Chair Heretick and members of the subcommittee, thank you for inviting me here today to comment on the important issues of accessory dwelling units and land use regulations more generally. I’m Emily Hamilton. I’m a research fellow at the Mercatus Center at George Mason University, where I study housing affordability and land use regulations in the Mercatus Center’s Urbanity Program. Today, I have three key points to make on the issue of preempting local prohibitions of accessory dwelling units:
- Restrictions on the right to build housing in Virginia are responsible for high housing costs.
- Allowing homeowners across the state to build accessory dwelling units would be an important step toward permitting a relatively affordable type of housing to be built.
- State policymakers have an important role to play in setting limits on how much localities can restrict the right to build housing. Accessory dwelling units are banned in most single-family neighborhoods in the state, and allowing them to be built is one way the General Assembly can improve housing affordability.
Land Use Regulations Limit Property Owners’ Right to Build Housing and They Drive Up Housing Costs
Land use regulations limit property owners’ rights to build housing. When increasing demand for housing meets a market where zoning rules constrain housing supply—as in high-cost regions in the commonwealth—the result is that a limited supply of homes becomes more expensive, and lower-income families are forced to look elsewhere. This outcome harms the state’s most vulnerable residents and undermines Virginia’s continuing role as a center of economic opportunity.
Counties and cities across Virginia have many rules that limit the quantity and type of homes that can be built, including minimum-lot-size regulations, height limits, and bans on accessory dwelling units stand in the way of new housing construction. Local zoning rules allow only single-family homes to be built in the vast majority of Virginia’s residential areas.
In large part owing to these rules, many residents across the state are suffering from high housing costs. Housing affordability gets the most attention in the DC suburbs, but many residents struggle to find housing that fits within their budget in the Hamptons Roads region and Charlottesville in particular. Across the state, nearly half of the renters who earn 80 percent or less of the median income for their region are housing cost burdened, meaning they spend more than 30 percent of their income on rent.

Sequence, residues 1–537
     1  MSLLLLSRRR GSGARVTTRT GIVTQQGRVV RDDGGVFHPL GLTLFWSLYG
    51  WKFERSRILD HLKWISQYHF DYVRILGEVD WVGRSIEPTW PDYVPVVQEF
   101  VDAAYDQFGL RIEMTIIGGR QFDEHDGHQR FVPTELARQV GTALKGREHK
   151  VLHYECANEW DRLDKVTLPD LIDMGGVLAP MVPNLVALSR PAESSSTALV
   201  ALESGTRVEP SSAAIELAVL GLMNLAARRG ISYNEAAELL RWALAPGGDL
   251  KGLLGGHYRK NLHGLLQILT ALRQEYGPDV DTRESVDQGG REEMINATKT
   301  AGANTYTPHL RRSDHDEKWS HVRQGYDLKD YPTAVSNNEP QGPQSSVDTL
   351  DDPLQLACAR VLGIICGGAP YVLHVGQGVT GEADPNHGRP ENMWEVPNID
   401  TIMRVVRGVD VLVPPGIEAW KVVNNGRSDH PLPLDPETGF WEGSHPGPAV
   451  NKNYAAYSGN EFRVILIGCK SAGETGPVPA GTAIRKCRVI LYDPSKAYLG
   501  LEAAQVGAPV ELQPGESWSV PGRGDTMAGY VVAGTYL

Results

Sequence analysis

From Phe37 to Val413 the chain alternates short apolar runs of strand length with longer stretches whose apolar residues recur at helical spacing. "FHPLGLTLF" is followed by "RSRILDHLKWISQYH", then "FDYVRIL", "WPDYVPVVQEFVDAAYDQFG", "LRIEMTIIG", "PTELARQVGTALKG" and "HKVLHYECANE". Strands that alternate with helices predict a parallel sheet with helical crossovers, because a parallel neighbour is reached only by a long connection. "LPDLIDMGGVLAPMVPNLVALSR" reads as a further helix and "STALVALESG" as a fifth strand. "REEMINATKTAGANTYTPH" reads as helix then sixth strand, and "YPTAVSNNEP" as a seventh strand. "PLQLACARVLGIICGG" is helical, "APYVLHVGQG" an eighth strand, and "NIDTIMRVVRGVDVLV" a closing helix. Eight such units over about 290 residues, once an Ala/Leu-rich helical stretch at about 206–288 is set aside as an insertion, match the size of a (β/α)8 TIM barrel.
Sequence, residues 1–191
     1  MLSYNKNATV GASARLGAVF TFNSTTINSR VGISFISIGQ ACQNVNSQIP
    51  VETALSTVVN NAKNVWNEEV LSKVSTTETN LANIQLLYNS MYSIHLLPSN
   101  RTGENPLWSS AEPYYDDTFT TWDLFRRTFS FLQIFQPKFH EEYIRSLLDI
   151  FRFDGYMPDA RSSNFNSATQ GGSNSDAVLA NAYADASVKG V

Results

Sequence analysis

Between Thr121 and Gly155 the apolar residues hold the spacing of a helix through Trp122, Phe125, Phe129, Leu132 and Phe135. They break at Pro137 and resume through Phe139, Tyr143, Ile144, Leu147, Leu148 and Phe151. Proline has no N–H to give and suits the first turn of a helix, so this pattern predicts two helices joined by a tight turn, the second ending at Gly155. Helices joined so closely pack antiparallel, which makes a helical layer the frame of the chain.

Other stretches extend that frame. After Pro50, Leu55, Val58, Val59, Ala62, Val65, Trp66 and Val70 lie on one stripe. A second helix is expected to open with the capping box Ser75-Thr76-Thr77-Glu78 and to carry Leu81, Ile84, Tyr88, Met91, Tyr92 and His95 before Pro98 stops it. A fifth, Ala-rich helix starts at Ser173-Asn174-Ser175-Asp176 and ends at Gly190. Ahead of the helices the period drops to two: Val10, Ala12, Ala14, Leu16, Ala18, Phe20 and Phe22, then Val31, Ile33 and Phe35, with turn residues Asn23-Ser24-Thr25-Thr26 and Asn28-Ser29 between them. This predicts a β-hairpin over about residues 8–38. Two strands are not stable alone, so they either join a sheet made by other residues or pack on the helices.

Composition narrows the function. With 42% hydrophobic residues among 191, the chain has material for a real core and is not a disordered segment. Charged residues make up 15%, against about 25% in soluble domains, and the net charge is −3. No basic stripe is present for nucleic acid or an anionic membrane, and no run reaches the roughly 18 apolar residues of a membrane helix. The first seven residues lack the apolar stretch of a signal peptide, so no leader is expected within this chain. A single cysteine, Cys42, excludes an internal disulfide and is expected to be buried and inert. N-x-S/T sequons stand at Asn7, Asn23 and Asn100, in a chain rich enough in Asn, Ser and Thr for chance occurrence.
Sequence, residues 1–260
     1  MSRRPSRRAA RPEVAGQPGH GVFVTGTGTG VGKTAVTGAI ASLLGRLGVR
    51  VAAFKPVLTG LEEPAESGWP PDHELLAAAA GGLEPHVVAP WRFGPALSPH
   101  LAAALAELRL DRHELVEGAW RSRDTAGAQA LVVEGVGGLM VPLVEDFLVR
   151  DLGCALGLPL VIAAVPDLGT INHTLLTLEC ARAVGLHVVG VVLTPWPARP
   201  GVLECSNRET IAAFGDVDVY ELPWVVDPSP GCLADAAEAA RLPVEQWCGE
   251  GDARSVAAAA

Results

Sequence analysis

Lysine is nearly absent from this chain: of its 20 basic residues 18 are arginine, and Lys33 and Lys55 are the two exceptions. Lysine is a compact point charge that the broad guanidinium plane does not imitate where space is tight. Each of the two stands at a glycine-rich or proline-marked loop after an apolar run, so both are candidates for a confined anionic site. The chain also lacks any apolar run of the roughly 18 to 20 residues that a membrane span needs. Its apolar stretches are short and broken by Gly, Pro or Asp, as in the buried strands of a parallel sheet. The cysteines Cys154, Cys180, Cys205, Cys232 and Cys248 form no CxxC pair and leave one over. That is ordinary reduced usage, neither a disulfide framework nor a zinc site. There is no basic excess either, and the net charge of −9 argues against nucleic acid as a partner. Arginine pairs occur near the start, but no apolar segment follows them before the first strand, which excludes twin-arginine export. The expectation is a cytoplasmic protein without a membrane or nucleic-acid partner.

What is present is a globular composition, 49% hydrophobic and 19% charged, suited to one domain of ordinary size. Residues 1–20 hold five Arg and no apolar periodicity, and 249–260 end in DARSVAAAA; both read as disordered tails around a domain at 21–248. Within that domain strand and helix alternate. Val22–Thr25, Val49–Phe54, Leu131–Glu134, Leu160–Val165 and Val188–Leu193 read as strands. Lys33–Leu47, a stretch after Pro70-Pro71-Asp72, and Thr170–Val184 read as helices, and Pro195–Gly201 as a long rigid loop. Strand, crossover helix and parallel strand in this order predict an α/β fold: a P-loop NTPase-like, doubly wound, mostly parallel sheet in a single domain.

Housing Affordability and Accessory Dwelling Units
HB 151 would give homeowners in the Commonwealth the opportunity to build an accessory dwelling unit, such as a backyard cottage, attached mother-in-law suite, or a basement apartment. Accessory dwelling units offer homeowners several potential benefits. They create the potential for homeowners to offset a portion of their mortgage payments by renting out part of their space.
They also create opportunities for greater housing flexibility to meet the needs of the country’s changing demographics. Accessory dwelling units provide ways to make intergenerational living feasible, which is particularly important with the country’s aging population. AARP supports accessory dwelling units as a housing solution that can allow aging adults to live with family members in a home built to meet their accessibility needs.
Accessory dwelling units also have the benefit of being one of the most affordable types of housing that can be built. Because they’re built on land that’s currently attached to another single-family home, their land cost is zero. They’re often more affordable than alternative types of housing. In Washington, DC, basement apartments are the most common type of accessory dwelling unit. They tend to rent for hundreds of dollars less per month than standard one-bedroom apartments in the same neighborhood.
The State Role in Allowing Accessory Dwelling Units to Be Built
Zoning and other land use regulations are generally implemented at the local level, but the state has an important role to play in setting limits on how much localities may stand in the way of new housing being built. Because localities are “creatures of their state,” states have the legal authority to set limits on local regulation. The effects of local rules that prevent homes from being built in one locality spill over to the next. Local land use regulations that limit population growth, economic growth, and income mobility within one city or county limit growth and opportunity for the state as a whole.
Housing affordability is a central challenge in the lives of many Virginia residents, and its principle cause is local land use regulations that limit property owners’ rights. Allowing homeowners across the state to build accessory dwelling units is one way to increase housing choice and allow for a more flexible housing supply. Stepping in to set limits on local land use regulations and to increase homeowner rights is an appropriate role for state policymakers because local land use regulations that stand in the way of housing affordability and economic opportunity affect the entire state.